Last May, after years of treating cultural groups like so many pests to be swatted away, the City of Buffalo finally decided to chuck them some change.
Though the money the city allocated wasn’t much – $200,000, to be divided up by cultural organizations and anti-violence groups – it seemed like a good start.
But almost a year later, none of that money has been distributed.
In fact, the city has not even released an official application for those funds. Back in mid-February, the city’s Arts Commission prematurely sent out an application form and asked organizations to file them by March 1.
Cultural groups – accustomed to tight deadlines imposed by disorganized governments – scrambled to get their information together for the city. But a few days later, in the latest sign of its ineffectuality, the commission revoked the application and promised to send out a new one. And after that? Radio silence.
Requests from cultural groups to the city’s Arts Commission for more information were ignored or evaded. Attempts to figure out why the process had stalled were fruitless. My own appeals to the Arts Commission for more information were first ignored, then politely dodged.
On Friday, when I finally got City Hall spokesman Michael DeGeorge on the phone, he said the money had been tied up in city’s legal department and would be forthcoming by the end of the year. That’s progress, but it won’t exactly come as music to cultural groups’ ears, as the funds were supposed to be for a fiscal year that is already half over.
“The Law Department has been working out logistics for this joint process,” DeGeorge said. “The applications are ready.” He went on to say that a request for proposals “has either just gone out or is on the verge of going out.”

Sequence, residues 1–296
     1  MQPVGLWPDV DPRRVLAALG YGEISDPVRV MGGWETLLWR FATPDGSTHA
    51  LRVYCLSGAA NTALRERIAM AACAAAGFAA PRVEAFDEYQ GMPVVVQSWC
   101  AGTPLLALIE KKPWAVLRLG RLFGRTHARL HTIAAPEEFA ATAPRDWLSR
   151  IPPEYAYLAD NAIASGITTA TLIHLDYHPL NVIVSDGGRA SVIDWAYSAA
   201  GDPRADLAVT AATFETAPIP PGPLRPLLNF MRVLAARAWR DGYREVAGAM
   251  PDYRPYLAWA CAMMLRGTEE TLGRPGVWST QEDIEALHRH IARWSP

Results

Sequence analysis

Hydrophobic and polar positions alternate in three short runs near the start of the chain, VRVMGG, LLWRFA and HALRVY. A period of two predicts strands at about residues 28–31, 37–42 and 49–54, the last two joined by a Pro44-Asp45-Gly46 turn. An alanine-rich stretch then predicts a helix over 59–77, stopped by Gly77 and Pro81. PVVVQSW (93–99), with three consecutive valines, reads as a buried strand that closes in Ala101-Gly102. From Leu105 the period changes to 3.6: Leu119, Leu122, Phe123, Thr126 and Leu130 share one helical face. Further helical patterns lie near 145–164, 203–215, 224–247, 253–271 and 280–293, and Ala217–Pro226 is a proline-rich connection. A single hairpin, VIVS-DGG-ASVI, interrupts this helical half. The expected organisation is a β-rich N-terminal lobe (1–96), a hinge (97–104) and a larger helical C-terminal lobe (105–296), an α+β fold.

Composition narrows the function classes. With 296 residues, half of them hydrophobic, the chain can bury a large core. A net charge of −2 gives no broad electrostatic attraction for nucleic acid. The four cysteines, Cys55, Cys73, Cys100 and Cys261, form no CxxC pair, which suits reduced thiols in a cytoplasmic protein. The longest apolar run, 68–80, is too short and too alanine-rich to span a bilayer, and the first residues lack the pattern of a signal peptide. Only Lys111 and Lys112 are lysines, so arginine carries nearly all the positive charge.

“At the end of the day,” he continued, “the groups will have a chance to apply for the money.”
Which specific day was DeGeorge referring to? He didn’t say.
At the time of the city’s announcement last spring, I took this change of heart as a promising sign that City Hall was finally responding to the dawning cultural consciousness that emerged in the wake of Erie County’s 2010-11 arts funding crisis.
After I wrote a critical column last spring, Mayor Byron Brown’s handlers called me in for a meeting with the mayor, during which he made a convincing case that his administration was committed to improving the cultural landscape of the city. He detailed the city’s funding of additional security for festivals and cultural events, the work of its (albeit underfunded and largely powerless) Arts Commission and the various other large and small ways it feeds the city’s cultural engines.
And most promisingly to me, he seemed knowledgeable about the way Denver, under then-Mayor John Hickenlooper, used culture to transform itself from fly-over territory into a must-visit cultural destination.
But from where we’re standing now, with the city dragging its feet on a promise cultural groups were hoping would help them through a difficult year when funding has been slow to trickle in from other sources, it’s hard to take Brown’s professed commitment to culture seriously.
“I think that on the one hand, the fact that they’re trying to establish a process for this, that’s a good thing,” said Tod A. Kniazuk, director of advocacy-driven Arts Services Initiative. “On the other hand, you know, at some point, you just gotta come up with your best process and a good timeline and get going. This was money that was approved months and months ago.”
It’s long past time for the city to deliver on its long-deferred promise.